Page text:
The tribes of the Little Andaman are the Onges, the Jarawas from the interior of the South Andaman, (the outer group as they are referred to sometimes) and the Sentinalese of the North Sentinel island, not to be confused with the Great Andamanese tribes. Ten in number, Aka-Cari, Aka-Kora, Aka-Bo and Aka-Jero and Aka-Kede form the Yerewa group from the northern parts of Andamans, and the Bojigngiji group consisting of Aka- Juwai, Aka-Kol, Aka-Bojigyab, Aka Balawa and Aka Bea from the South Andamans (Temple, 1903).
Most of these names of the tribes/ languages are words from common day-to day life of the people, like for instance, Jero means 'canoe', Bea means 'fresh water', Bojigyab means 'speech-language', Juwai is 'pattern on arrows', while Kol means'bitter/ salty' and all these words signify roughly the same sense in all these ten dialects/ languages. Aka- means 'tribe/ language' while -da is a suffix which is added to a noun when in isolation.
1901 Census figures indicate a total of 625 Great Andamanese with the largest number, 218 from the Jero tribe. In 1921 these figures came down to 209 out of a total of 786, and 460 in all reported in 1931, out of which 90 were the great Andamanese. In 1949 the Forest Department tried to bring them together and settle them at the Bluff island, but because of their nomadic nature and different habits, these tribes did not stay together for long. In 1969 the A & N Administration offered to help them if they stayed in Strait island. By this time, they were too few, only 23 in all, and probably thought it wise to accept the offer and stay together.
The Great Andamanese in Strait Island (1970)
Very soon they all spoke one language which is Jero, with some words from the languages of the other tribes completely assimilated in Jero language. Since then their numbers have increased from 26 (1961 census), 23 (1971), 42 (21 males and 21 females) in the year 1981. The 1991 census shows their population as 47 and in 2001 census the figure is 43 (24 males and 19 females). Pst- tsunami, all 43 have been reported safe. The numbers have mostly increased as a result of mixed marriages, since these people are free to mix with the people of the mainland, and have adapted to their way of life, speak Port Blair Hindi, dress like them, eat their kind of food, some of them have contractual jobs with the A&N administration, and it is not surprising at all that the younger generation does not know more than a few words of their language. Some of them do not know any Jero at all since most often they also communicate with each other in Port Blair Hindi. The younger people like to spend maximum time in Port Blair at Adi Basera which is the base camp for the tribals provided by the A&N administartion.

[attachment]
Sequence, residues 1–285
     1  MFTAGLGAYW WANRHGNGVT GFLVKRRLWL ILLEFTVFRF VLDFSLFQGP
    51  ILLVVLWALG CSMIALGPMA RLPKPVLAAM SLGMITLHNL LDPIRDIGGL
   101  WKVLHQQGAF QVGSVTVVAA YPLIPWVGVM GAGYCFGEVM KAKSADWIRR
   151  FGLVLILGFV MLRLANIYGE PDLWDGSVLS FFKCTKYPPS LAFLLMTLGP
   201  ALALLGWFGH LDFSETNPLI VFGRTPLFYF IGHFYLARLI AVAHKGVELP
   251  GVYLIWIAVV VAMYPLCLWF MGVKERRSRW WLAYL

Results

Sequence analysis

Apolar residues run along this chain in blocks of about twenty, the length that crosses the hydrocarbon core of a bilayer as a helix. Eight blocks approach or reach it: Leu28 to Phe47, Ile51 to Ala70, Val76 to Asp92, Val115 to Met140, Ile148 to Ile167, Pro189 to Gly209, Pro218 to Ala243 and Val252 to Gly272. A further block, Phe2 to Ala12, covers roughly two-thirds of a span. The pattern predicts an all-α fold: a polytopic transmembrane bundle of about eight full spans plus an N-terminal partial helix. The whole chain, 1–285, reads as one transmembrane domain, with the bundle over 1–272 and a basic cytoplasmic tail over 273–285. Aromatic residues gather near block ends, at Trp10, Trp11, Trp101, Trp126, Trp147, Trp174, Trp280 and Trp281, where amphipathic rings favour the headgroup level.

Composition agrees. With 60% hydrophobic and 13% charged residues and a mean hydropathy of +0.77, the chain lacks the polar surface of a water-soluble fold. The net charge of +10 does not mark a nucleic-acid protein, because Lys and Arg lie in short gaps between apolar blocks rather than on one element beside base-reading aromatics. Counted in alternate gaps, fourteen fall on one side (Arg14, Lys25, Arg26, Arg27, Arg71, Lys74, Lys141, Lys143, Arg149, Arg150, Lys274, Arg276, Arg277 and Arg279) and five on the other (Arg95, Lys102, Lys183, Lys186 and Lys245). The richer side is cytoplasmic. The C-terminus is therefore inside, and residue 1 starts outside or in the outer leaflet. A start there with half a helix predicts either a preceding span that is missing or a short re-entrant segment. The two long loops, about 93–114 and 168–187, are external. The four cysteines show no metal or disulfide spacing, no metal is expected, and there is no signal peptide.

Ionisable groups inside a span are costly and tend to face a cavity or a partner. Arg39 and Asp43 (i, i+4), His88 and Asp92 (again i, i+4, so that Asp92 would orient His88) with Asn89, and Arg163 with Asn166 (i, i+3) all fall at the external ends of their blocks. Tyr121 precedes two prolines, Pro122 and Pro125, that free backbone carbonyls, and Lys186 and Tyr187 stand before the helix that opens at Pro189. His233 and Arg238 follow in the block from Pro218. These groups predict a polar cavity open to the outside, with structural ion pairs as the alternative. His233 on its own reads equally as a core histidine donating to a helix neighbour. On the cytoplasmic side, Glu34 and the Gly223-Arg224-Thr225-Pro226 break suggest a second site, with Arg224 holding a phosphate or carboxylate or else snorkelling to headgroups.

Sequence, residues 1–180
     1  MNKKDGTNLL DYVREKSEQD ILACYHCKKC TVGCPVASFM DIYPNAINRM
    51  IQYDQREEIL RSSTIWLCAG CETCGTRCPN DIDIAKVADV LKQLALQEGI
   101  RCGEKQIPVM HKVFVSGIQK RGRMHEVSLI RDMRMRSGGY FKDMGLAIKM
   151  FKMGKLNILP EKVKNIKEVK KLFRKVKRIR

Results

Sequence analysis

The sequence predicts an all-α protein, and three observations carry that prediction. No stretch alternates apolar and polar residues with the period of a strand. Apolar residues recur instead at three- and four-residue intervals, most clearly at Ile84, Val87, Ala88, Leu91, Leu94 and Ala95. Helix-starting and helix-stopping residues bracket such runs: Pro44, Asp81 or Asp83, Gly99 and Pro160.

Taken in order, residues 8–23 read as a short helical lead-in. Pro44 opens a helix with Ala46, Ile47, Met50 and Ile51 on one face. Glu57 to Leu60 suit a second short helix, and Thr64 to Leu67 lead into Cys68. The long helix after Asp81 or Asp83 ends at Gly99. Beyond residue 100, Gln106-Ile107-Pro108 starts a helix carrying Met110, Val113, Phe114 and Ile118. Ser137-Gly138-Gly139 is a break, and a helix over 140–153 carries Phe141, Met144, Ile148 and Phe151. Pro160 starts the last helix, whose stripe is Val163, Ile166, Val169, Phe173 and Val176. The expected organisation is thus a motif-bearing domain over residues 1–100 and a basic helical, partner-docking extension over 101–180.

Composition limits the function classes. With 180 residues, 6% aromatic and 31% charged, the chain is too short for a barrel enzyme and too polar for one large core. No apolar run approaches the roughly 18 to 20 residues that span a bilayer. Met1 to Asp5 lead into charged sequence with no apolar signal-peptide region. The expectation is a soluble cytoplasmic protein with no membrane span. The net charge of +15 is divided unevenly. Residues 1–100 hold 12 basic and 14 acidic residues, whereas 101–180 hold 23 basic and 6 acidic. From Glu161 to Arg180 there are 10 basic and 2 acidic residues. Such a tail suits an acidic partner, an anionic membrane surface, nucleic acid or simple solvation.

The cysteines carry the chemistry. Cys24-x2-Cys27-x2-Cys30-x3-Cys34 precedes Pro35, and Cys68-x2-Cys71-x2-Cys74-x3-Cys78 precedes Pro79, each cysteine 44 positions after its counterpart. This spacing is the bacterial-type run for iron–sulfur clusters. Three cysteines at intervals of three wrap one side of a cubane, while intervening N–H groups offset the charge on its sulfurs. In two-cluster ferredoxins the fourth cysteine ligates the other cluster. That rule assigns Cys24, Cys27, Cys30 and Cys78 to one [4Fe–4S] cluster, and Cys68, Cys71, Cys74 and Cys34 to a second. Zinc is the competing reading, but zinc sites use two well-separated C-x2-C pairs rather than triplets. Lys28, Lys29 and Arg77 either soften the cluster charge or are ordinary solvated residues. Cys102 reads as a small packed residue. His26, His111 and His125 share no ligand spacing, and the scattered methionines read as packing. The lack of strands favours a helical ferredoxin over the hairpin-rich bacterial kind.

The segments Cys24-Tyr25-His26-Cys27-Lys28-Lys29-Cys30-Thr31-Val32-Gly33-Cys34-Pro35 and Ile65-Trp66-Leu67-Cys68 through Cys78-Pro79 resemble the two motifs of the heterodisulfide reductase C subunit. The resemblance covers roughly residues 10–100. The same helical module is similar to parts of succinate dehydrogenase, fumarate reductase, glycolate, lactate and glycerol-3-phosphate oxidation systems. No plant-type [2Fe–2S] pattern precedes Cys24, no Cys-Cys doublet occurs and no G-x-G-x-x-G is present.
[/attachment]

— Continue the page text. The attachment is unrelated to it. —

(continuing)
In 1989 when I first started working on their language, and on subsequent visits to the Strait island in 1995 and 2000 for this project I realized that there was a complete change in their lifestyle, their culture and traditions completely lost, and the only source of data was the older generation. Nao I and Bowa, (age approx 75 and 65 years in 1995, the time of data elicitation), the oldest couple gave us the maximum data and Lecho who was younger but very good at both the languages and was very social, outspoken, much more forthcoming than others interpreted the data we obtained from the older couples. The other informants included Ilfe (68) and his wife Boro ( 55), Kota (65) and his wife Ile (52). Ilfe and Kota both retired from Police, while Jirake (48-50) still worked for the police, and also did some private electrical repairs. Jirake's wife Surmai (35) could give words but otherwise mostly spoke Hindi.
Manoharan (1989) and Chakraborty(1990) give interesting life sketches of these people.